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INOURBACKYARD: County fair season is upon us

As I begin this month’s article, I ask you to think about a county fair you may have attended in past years. Perhaps you think about the carnival rides, the delicious fair food, or the lively outdoor concerts that are a highlight of our short North Dakota summers. For many readers, you might be like me and think of the young exhibitors showing their prized animals, best-baked goods, creative arts and crafts, award-winning plants, or even innovative engineering projects, all in hopes of earning a few dollars and possibly a shot at the State Fair.

Growing up as the daughter of a farmer and the niece/granddaughter of a cattle rancher, we didn’t have cable TV to entertain us (I’m dating myself, but this was pre-digital age). Instead, we had daily chores. Animals needed tending, work needed to be done around the farm and meals needed to be made and brought out to the field. You’d be hard-pressed to find a “farm” kid who wasn’t also an active member of the local 4-H chapter. I was no exception.

4-H taught us more than just how to raise animals or craft a perfect project. It instilled values of responsibility, perseverance, and teamwork. We learned to set goals, work hard, and celebrate our achievements. The friendships we forged at the county fair were special – a bond shared through common experiences and a mutual love for country life.

Throughout the year, our chapter, the Pickering Boosters, would meet monthly to work on projects and prepare for competitions under the steady leadership of some truly amazing adult leaders. All our meetings culminated in a couple of major events – the local county fair and, with any luck, the State Fair.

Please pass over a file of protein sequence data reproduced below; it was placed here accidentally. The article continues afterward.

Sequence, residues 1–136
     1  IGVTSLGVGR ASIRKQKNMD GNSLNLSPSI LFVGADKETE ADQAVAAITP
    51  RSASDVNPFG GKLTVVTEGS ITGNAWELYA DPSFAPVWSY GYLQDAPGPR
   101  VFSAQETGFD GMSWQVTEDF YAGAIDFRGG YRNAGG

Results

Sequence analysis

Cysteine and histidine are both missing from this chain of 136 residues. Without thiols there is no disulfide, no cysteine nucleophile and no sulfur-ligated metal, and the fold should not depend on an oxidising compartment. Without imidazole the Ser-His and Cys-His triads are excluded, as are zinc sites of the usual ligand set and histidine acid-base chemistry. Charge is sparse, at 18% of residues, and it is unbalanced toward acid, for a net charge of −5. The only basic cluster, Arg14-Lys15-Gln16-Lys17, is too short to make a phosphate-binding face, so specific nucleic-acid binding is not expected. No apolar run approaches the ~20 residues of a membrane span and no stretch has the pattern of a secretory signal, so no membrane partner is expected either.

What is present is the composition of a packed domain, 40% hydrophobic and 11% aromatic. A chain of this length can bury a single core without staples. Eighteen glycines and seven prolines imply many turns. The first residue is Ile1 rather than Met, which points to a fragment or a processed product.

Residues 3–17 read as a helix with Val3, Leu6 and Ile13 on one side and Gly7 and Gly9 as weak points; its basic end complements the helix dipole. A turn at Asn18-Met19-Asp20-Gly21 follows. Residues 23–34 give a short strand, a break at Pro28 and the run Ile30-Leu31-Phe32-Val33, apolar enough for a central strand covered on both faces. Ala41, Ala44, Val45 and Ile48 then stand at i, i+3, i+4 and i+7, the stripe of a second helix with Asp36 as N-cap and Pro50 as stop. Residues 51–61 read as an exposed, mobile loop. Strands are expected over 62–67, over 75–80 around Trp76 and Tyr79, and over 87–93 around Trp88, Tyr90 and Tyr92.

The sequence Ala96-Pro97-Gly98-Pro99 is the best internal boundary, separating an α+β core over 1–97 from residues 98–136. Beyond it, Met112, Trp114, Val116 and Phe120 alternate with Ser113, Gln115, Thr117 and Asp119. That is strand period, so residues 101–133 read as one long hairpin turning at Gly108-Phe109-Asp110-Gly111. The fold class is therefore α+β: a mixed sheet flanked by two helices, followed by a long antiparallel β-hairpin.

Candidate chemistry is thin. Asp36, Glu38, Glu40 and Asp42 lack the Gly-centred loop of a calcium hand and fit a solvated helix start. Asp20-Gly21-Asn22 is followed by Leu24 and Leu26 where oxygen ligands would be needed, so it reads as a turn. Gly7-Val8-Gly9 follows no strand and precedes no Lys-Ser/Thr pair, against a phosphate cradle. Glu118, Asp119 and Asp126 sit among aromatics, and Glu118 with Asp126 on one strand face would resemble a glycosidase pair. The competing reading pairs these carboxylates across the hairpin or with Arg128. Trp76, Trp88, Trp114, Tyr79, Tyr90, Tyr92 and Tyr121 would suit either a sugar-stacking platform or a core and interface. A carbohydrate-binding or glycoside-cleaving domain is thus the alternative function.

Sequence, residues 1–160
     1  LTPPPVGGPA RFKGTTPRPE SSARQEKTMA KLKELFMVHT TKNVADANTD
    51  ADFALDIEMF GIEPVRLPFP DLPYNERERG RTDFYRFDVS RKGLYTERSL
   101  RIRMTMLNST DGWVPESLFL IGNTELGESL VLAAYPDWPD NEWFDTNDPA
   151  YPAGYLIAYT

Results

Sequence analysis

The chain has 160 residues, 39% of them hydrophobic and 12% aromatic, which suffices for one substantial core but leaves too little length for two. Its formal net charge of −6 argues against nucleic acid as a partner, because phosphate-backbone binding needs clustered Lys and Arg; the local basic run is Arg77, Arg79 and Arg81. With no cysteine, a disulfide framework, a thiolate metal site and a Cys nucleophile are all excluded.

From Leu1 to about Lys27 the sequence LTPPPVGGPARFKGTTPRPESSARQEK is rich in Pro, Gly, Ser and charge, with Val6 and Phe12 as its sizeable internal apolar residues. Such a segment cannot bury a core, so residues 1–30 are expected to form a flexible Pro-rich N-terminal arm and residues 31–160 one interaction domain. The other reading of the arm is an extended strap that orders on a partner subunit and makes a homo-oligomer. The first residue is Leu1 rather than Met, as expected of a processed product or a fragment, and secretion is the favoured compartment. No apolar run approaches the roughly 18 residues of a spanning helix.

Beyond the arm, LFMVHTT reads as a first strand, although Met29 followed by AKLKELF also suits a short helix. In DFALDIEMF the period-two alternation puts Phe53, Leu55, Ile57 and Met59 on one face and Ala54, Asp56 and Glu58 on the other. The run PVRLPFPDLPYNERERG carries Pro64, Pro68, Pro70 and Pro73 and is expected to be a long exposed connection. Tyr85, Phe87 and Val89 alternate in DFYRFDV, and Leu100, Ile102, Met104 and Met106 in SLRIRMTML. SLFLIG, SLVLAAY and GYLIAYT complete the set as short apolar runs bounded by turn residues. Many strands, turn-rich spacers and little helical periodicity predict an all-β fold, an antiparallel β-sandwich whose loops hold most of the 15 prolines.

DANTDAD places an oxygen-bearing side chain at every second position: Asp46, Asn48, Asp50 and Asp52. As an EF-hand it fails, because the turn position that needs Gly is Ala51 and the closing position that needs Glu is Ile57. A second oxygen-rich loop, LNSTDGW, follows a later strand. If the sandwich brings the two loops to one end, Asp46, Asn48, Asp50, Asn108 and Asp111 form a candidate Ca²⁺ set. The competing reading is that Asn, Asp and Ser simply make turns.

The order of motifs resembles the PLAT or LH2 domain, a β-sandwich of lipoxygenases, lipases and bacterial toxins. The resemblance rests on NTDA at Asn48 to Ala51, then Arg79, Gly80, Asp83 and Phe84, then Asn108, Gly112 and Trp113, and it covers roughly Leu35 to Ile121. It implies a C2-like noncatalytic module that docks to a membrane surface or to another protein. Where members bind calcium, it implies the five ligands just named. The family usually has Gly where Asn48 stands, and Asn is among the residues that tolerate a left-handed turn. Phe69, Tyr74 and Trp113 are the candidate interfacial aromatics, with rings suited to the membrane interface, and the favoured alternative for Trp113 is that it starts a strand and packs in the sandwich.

I vividly remember the hours spent putting together projects and fondly recall baking days with my now-departed grandmother, creating picture-perfect baked goods and hoping they would tickle the judges’ taste buds enough for the coveted Purple Grand Champion ribbon. For my cousins, hours were spent hauling animals into the fairgrounds and grooming them, with all the family members pitching in to lighten the load.

On fair days, we donned our best jeans and 4-H shirts and headed to the fairgrounds. The atmosphere was electric, a blend of excitement and nervous energy. The barns were bustling with kids and their animals, all vying for that top prize. The exhibition halls were filled with the year’s best creations. We chatted with friends, shared tips, and cheered each other on.

The show ring was the heart of the fair. We paraded our animals before the judges, hoping our hard work would pay off. Whether it was cattle, sheep, pigs, chickens, or the family dog, we took pride in our livestock, knowing the countless hours of feeding, grooming, and training we had invested. The thrill of hearing our names called was indescribable – a mix of relief, pride, and nervous joy.

But the fair was about more than just competition. It was a time for camaraderie and fun. We explored the fairgrounds, indulged in cotton candy and mini donuts, rode the Ferris wheel until we were dizzy, and laughed with old and new friends. Looking back, those summers at the county fair were some of the best times of our lives. They were a reminder of the simple joys of rural living and the enduring spirit of 4-H. The lessons learned and the memories made will always hold a special place in our hearts.

So, here’s to the country kids, the 4-H members, and the county fairs that shaped us. May the traditions continue, and may future generations experience the magic of growing up country.

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